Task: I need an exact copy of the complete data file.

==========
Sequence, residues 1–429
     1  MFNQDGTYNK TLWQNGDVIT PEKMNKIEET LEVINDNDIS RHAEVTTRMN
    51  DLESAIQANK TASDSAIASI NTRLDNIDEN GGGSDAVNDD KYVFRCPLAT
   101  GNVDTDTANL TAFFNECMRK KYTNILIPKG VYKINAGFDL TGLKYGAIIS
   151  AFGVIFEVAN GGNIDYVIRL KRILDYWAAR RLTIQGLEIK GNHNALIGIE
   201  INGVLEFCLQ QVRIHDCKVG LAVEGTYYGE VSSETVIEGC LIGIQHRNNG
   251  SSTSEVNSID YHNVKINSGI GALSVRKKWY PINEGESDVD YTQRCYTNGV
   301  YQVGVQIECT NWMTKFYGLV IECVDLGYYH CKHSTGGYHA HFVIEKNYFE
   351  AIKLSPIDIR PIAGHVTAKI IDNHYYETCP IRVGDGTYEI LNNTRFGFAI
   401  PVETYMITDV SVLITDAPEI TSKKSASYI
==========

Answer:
Sequence, residues 1–429
     1  MFNQDGTYNK TLWQNGDVIT PEKMNKIEET LEVINDNDIS RHAEVTTRMN
    51  DLESAIQANK TASDSAIASI NTRLDNIDEN GGGSDAVNDD KYVFRCPLAT
   101  GNVDTDTANL TAFFNECMRK KYTNILIPKG VYKINAGFDL TGLKYGAIIS
   151  AFGVIFEVAN GGNIDYVIRL KRILDYWAAR RLTIQGLEIK GNHNALIGIE
   201  INGVLEFCLQ QVRIHDCKVG LAVEGTYYGE VSSETVIEGC LIGIQHRNNG
   251  SSTSEVNSID YHNVKINSGI GALSVRKKWY PINEGESDVD YTQRCYTNGV
   301  YQVGVQIECT NWMTKFYGLV IECVDLGYYH CKHSTGGYHA HFVIEKNYFE
   351  AIKLSPIDIR PIAGHVTAKI IDNHYYETCP IRVGDGTYEI LNNTRFGFAI
   401  PVETYMITDV SVLITDAPEI TSKKSASYI